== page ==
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+  Fresholi | Melting Pot Café
|-+  Candles, Home & Home Fragrancing
| |-+  General Candles & Home Discussion
| | |-+  Wax melts
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Topic: Wax melts  (Read 1762 times)
Amanda82
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« on: May 26, 2012, 07:23:19 PM »

Can one make wax melts with beeswax? I've got loads of that and no soy wax.
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Alphya
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« Reply #1 on: May 26, 2012, 07:26:51 PM »

I don't see why not. It's harder than soy though so would take longer to melt in a burner.
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Amanda82
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« Reply #2 on: May 26, 2012, 07:28:14 PM »

Thanks alphya. That's ok that it takes longer to melt. I usually only light my burner if I'm in for the evening Smiley
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Alphya
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« Reply #3 on: May 26, 2012, 07:34:06 PM »

I love making wax melts, and it means you can use US fragrances too!
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Amanda82
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« Reply #4 on: May 26, 2012, 08:13:26 PM »

Yeah for sure! I have loads I can't get the allergens info for so I wanted a way to use them.  I bought some US fos frm sidewalk and lucky I was able to get the MSDS sheets for them all and brambleberry gave me the allergens sheets too!

I have loads from sp that need using though and there's no info for them. Just made a wee batch of Pacific Waters wax melts. The beeswax smells strong. Do you think that's why people use soy wax?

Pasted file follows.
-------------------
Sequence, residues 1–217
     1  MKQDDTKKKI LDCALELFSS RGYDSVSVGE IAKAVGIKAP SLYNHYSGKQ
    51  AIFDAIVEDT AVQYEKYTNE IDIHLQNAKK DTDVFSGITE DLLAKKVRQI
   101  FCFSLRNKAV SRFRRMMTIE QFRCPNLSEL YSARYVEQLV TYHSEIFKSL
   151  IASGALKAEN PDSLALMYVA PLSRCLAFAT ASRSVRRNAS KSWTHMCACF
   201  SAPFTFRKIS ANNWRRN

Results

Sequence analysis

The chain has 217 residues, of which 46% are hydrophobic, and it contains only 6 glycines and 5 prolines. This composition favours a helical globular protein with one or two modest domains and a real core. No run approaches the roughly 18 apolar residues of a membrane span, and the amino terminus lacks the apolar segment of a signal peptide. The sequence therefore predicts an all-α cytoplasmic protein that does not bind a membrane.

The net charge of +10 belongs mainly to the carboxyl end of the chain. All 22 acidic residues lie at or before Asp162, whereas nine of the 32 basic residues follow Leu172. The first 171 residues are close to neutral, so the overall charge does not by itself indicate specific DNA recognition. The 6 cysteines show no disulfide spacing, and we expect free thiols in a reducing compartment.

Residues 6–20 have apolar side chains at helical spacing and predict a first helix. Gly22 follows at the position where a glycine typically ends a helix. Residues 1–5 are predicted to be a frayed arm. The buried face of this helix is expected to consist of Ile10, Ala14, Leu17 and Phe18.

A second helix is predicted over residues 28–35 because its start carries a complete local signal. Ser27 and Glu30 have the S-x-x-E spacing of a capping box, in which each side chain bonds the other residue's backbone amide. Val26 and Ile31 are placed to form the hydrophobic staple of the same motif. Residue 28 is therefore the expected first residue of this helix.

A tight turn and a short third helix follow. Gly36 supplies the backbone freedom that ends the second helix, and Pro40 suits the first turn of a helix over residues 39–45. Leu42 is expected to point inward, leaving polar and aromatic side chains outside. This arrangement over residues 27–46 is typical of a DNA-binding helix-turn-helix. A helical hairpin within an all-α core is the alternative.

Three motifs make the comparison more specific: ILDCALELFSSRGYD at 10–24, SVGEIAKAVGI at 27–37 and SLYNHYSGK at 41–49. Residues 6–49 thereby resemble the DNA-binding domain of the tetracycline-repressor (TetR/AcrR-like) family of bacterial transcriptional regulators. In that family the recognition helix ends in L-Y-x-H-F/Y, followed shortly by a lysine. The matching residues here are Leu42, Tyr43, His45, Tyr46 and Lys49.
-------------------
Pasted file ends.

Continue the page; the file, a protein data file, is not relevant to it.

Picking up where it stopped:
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Alphya
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« Reply #5 on: May 26, 2012, 09:06:40 PM »

Hm possibly, hopefully someone else with a bit more knowledge will pop along.
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dizzybuff
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« Reply #6 on: May 27, 2012, 12:49:41 AM »

 :mwaha: okay I have just realise :argh:d Salach is Amanda .... :mwaha:
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EJ
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« Reply #7 on: May 27, 2012, 01:01:43 AM »

Quote
The beeswax smells strong.

Beeswax has its own fragrance - hence beeswax cadles.

If using for melts then you need to use a fragrance/blend which will marry with that of beeswax.
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Amanda82
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« Reply #8 on: May 28, 2012, 08:05:49 AM »

Quote
The beeswax smells strong.

Beeswax has its own fragrance - hence beeswax cadles.

If using for melts then you need to use a fragrance/blend which will marry with that of beeswax.

I tried the beeswax and don't like it for wax melts.  Way too over powering and it changes the scent of the FO.
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LizzyH
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« Reply #9 on: June 15, 2012, 06:33:02 PM »

I've noticed when doing big batches of beeswax candles that towards the end the wax  that has been heated for a long time develops a smokey note on top of the usual beeswax smell. I'd expect the same to happen with a wax melt. Works OK with some of the heavier woodier smells, but you havbe to plan for it and it's a disaster with light florals.
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